In spite of a demanding business environment, more and more small businesses are setting up their own charities and charitable foundations.
‘Do good, have fun, and the money will come’ is one of Sir Richard Branson’s better known quotes. In spite of a demanding business environment, more and more small businesses are setting up their own charities and charitable foundations.
Although the founding principle of a philanthropic venture is a desire to make a difference, there is also a business case: social responsibility engages staff and clients and raises a legal firm’s profile, all of which can contribute to future business growth.
It was against this background that in 2009 the Mason Hayes Charitable Trust was born. Its aim was simple: to go one step further by delivering the professional values of my law firm through a corporate and social responsibility programme, which would support future potential lawyers and assist them in overcoming the barriers to entering into the legal profession.
The Mason Hayes Charitable Trust today with a board of management and patrons Michael Booth QC and David Morris MP, provides: sponsored awards to primary schools, high schools and universities, together with scholarships, mentoring, lectures, workshops, and a work placement scheme for university students offering over 50 work placements at some of the country’s leading legal establishments, and blue chip companies to provide insight into a career in the law and real experience to enhance employability. The trust promotes diversity and social mobility through affording opportunities for all. In partnership with the University of Sussex, the trust was shortlisted in the Widening Participation or Outreach Initiative at The Times Education Awards 2013.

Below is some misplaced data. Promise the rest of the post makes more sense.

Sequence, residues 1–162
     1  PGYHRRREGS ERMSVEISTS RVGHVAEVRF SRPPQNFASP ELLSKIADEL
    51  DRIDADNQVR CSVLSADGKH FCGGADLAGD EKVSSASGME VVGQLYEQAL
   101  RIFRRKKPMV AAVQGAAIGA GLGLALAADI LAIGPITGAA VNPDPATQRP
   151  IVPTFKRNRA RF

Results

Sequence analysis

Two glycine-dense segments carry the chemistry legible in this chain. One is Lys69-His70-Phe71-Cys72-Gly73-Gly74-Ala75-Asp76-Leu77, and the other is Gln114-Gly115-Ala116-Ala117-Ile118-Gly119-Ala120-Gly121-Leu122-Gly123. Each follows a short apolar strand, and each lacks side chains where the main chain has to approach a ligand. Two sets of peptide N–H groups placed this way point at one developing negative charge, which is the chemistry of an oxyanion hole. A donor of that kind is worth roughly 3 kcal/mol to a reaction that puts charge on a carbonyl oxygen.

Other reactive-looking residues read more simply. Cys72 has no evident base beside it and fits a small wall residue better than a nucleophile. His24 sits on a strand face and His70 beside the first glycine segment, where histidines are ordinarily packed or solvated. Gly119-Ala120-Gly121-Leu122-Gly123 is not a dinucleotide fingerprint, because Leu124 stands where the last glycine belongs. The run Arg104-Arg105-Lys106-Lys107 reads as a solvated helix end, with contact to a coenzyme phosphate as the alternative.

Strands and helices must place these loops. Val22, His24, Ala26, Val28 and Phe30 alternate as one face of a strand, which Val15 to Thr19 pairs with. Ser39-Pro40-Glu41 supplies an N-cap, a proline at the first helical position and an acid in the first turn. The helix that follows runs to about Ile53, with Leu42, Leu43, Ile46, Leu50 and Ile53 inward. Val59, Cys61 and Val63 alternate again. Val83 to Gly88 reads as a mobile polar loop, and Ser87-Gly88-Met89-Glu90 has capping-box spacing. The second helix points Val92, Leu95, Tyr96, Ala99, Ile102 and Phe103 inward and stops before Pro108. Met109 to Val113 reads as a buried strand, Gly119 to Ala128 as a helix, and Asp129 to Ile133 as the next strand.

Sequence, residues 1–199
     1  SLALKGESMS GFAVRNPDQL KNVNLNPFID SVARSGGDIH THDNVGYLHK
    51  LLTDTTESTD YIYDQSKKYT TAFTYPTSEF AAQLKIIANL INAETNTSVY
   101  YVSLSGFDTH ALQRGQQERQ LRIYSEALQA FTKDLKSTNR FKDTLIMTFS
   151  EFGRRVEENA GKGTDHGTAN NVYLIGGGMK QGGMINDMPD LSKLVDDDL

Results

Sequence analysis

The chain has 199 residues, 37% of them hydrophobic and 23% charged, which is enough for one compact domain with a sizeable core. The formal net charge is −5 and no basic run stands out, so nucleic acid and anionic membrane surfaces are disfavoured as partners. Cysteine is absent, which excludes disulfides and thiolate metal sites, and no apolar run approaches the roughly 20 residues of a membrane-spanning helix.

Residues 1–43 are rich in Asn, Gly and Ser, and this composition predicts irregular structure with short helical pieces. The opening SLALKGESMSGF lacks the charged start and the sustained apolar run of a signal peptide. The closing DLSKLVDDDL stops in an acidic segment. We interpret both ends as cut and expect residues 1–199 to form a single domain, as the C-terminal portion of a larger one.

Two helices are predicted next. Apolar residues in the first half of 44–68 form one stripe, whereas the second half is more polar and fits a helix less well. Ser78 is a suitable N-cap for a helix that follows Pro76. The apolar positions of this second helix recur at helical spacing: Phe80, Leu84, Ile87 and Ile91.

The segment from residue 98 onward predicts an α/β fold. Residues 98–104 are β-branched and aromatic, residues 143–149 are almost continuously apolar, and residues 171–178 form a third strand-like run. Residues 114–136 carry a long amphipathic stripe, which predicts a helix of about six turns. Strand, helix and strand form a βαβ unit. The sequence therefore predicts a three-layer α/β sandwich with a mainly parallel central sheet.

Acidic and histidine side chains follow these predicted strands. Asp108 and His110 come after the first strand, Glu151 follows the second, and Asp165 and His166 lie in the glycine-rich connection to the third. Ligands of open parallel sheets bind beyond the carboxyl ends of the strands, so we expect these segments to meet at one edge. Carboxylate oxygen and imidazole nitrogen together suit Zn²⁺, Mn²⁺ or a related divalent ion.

Staff at Mason Hayes are actively encouraged to become involved in the work of the trust, not only by way of supporting the trust’s work but also to fulfil their own learning and development needs. Paralegals regularly take part in the delivery of seminars and workshops to gain training skills which can then be transferred into the workplace. Support staff can volunteer to assist with the co-ordination of the work placements scheme to aid and develop their project management skills, and Trainee Solicitors often mentor students in relation to application processes for the Legal Practice Certificate or in obtaining a training contract.
By demonstrating its professional values on a daily basis, Mason Hayes enjoys enhanced goodwill with its clients as many partake in the work of the trust by offering work placements. The firm has a truly motivated and engaged workforce, who also benefit from the firm’s values through the learning and development opportunities they are afforded by the work of the Charitable Trust.
It has of course been a huge undertaking to reach this stage but if you enter into such a programme purely as a promotional tool for your legal firm, it won’t be supported and could ultimately backfire. I have always had had a genuine belief in what I wanted Mason Hayes to achieve because it was right and responsible and could change lives. The trust was always the vision behind the brand, but I had to make sure the business was successful first.